“I know how hard it is to deal with your life under your family,” Tia said. “That is why I just ignore them completely. My grandfather almost died of shock when he first saw me in a dress. And I’ve done it ever since.”
“I wish it were that easy…”
“Well, we all rebel in our own way,” he said. “You just have to find yours.”
Beatrice and Emi met back that evening at the front of the library, and Beatrice dragged Emi the short distance back over to the marketplace, the same one where they had first seen each other all those weeks ago.
The sun had begun to set, and two of the moons were already visible in the evening sky. Some street lamps had been lit, and scene around them glowed warmly, even as the weather grew colder and colder. It was as if the whole world had suddenly become tinted blue and orange.
“My parents always told me to stay away from places like this,” Emi said.
“Well, your parents are too overprotective,” Beatrice said. “Though, considering you’re a member of the L’Hime Family, they might be in the right. I can’t believe you’re the brother of Reo L’Hime! He’s so cool.”
“He’s… cool…?” Emi did not want to know the answer to this question.
Beatrice gave the answer anyway. “My classmates talk about him all the time. Some of the girls in my class have posters of him on their bedroom walls.”
They walked side by side down the long marketplace road, surrounded by shops and stands all over the place, and jam-packed with people in all directions. Emi tried to ignore the crowds but she was still getting apprehensive being so close to so many in such a small area.
Beatrice noticed. “Are you okay?”
“Yeah… I’m fine. Let’s just keep going.”
Neither of them intended to do any shopping this evening, but the smoky meat stands and glittering jewelry shining against the copious lanterns made the whole area fun to walk around in. The smell made it even better.
“And so you’re a junior priest, right…?” asked Emi, her smile wilting before Beatrice’s eyes.
Beatrice felt the color drain from her cheeks and promptly replied, “Well, a junior priest is just that. I don’t know if I’ll do it for real. It’s a big step, obviously. You know.” Beatrice rubbed the back of her neck. Emi felt satisfied with that answer for now.
“Of course. The future is always in motion, after all,” Emi then said.
“What do you mean by that?”
“It means I have no idea what I want to do with my life,” she said with a chortle.
Before Beatrice could say anything else, Emi’s eyes took notice of a booth displaying a set of bright, ruby-red earrings. She paused and let Beatrice walk ahead of her while she examined it.
They looked like they might make a wonderful present…
Emi glanced at Beatrice, then back at the earrings, then back at her. They were beautiful, but they wouldn’t suit her, she thought. Part of her appeal was the was she exhibited some sort of warm aura with her plain outfits and subdued smile, some sort of magnet where Emi was a very reactive metal. The way she walked, even, exuded a strong sense of herself; she swayed her hips like she had a specific purpose in every step, and yet carried herself lightly. These earrings didn’t capture that aura at all.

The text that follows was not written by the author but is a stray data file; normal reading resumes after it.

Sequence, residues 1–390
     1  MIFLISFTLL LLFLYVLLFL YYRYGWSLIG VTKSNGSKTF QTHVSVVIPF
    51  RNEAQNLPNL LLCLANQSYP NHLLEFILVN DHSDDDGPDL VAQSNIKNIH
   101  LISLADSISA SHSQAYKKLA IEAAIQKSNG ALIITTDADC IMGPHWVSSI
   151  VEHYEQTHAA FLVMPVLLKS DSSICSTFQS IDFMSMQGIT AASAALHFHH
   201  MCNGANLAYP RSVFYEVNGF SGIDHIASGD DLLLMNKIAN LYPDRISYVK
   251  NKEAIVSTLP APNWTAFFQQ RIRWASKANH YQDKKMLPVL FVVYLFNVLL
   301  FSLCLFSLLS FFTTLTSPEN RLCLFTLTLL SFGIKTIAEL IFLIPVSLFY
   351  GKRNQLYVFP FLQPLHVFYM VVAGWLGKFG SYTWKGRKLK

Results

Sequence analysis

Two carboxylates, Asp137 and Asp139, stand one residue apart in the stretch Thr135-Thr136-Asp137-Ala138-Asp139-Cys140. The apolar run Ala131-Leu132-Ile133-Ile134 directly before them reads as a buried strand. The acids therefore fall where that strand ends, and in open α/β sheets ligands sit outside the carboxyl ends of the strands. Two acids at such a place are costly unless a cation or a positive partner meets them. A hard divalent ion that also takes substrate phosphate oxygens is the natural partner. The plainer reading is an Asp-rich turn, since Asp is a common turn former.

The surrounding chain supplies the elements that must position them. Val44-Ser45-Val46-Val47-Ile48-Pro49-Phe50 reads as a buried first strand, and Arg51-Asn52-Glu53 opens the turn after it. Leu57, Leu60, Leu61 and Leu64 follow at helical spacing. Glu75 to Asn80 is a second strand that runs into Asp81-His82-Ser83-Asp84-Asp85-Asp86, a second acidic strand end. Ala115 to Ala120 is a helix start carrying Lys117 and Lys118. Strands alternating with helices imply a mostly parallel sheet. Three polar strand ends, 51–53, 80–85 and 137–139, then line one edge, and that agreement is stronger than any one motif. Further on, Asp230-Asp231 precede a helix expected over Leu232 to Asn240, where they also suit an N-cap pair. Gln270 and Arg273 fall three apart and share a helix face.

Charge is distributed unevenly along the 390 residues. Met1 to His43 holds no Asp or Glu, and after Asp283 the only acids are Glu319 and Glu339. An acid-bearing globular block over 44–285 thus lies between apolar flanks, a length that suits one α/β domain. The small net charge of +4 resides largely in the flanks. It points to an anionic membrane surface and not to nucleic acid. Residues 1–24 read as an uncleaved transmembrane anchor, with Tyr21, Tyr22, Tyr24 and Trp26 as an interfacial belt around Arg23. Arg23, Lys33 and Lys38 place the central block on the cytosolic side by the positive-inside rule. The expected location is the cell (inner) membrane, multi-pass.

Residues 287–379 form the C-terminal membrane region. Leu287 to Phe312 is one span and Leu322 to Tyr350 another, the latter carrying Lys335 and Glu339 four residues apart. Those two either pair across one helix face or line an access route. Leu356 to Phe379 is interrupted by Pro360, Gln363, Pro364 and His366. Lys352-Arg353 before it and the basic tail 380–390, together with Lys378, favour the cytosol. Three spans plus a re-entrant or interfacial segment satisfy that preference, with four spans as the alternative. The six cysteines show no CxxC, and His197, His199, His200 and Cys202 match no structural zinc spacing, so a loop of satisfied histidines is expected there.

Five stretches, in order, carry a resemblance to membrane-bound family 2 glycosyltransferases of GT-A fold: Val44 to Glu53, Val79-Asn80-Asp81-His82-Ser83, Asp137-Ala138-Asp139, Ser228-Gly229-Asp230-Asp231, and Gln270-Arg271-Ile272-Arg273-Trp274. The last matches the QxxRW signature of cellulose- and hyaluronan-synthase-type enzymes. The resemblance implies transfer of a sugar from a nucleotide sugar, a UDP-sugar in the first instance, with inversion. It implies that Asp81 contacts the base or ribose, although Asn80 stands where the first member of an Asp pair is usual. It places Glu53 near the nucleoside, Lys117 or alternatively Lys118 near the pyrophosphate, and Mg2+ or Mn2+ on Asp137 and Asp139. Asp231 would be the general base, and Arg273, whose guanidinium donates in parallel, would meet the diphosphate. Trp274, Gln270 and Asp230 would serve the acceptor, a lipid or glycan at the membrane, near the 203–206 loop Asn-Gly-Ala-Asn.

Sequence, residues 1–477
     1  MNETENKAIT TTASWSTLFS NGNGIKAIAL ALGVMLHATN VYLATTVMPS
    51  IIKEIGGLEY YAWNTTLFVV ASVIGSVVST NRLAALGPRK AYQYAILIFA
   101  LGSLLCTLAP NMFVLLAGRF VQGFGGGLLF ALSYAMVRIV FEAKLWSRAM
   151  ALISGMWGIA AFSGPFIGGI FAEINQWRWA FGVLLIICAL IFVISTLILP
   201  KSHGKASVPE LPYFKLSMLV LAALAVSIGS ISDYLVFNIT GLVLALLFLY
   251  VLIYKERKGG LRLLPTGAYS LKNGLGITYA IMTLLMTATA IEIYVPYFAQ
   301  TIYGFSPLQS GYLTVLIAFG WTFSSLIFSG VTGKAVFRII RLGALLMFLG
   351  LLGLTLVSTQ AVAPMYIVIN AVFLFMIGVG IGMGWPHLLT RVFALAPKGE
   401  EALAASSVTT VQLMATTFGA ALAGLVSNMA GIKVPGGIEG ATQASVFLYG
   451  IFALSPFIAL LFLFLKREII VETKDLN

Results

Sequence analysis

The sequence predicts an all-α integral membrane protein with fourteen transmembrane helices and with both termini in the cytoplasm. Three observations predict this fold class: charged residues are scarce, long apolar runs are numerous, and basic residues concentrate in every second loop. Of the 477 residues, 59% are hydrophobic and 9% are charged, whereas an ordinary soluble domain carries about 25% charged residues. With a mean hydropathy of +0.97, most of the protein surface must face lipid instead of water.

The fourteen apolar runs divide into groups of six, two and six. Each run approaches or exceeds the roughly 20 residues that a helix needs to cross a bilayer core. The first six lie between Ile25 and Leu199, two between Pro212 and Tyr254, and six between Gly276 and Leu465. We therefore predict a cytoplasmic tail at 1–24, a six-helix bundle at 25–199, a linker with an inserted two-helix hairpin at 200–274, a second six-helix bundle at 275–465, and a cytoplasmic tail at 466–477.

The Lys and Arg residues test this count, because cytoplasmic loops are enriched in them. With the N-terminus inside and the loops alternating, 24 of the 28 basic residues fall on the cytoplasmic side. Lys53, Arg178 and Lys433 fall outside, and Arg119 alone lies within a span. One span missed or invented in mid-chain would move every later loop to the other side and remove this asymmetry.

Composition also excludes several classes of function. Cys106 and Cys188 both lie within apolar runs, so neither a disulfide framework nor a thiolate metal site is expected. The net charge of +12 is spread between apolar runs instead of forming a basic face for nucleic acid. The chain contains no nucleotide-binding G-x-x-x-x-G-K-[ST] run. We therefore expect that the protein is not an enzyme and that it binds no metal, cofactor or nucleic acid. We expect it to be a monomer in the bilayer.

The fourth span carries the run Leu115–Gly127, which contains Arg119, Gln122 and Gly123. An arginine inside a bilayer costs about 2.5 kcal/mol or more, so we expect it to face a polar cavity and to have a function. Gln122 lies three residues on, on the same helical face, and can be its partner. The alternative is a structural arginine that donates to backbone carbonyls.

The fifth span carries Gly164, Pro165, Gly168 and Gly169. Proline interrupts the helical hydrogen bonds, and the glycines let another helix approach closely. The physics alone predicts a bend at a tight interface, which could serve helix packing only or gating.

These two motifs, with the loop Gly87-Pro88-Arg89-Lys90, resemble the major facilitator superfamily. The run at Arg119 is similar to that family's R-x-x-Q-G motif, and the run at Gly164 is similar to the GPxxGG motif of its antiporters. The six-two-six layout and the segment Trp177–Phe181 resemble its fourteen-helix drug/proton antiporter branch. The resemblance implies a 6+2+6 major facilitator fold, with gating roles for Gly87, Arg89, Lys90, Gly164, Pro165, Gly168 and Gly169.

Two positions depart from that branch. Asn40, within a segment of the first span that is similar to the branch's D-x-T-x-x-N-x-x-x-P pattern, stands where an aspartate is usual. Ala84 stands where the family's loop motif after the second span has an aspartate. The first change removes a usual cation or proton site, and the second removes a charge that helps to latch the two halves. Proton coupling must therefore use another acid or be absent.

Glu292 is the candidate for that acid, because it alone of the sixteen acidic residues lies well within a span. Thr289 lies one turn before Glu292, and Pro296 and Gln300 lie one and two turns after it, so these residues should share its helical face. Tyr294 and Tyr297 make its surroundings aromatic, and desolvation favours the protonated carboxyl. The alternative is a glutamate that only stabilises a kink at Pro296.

Beatrice, noticing Emi had fallen behind, stopped in her steps and turned back towards her. “What’s wrong?” she asked.
“N-nothing,” Emi said.
She noticed the stand selling earrings next to Emi, some of them about as red as the girl’s own face. Was Emi trying to buy her a present this soon into their… their evening together? A bit weird. Still, she was unable to stop a giddy smile forming across her face. “I don’t need anything,” Beatrice told her. “That kind of stuff they sell is usually junk anyway.”
“Oh, no,” Emi said, her voice perking up at the sound of being vindicated. “Don’t worry, I wasn’t going to buy them. They don’t suit you.”
“Wait, no, I mean…”
Beatrice’s stomach gurgled.
“I mean, I think I should buy us food first instead.” Good save, both of them thought. “I don’t think either of us have eaten since we went to the library, right?”
“I think you’re right. But I can buy my own food, you know!” What Beatrice didn’t say was that she only had three silver coins to spend and that was her entire allowance for the week. Emi, with a coin purse with more than Beatrice got in a year, hadn’t even considered the idea of running out of cash.
They stopped at a food stand offering one of Balarand’s signature dishes, the stuffed salmon bind. There were so many varieties it was hard to choose from, including fried rice, cream cheese, sour cream, and a near-infinite variety of vinegars and sauces.
Emi was a bit bewildered by the selection and decided to choose one at random. “I’ll have the spinach,” Emi told the cook at the stand.
“Ah, sorry, fresh out.”
“I’ll have the… grape?” That didn’t sound particularly appealing, but–
“Don’t got that either.”
“I’ll have the fried rice, then,” she said dejectedly. She liked fried rice salmon binds, but… they were far from her favorite, and on a night like this, for some reason, she was hoping for the absolute best.
Beatrice continued to look at the variety of options for stuffing, and her ears perked when she came across one unfamiliar term. “Crabspice?”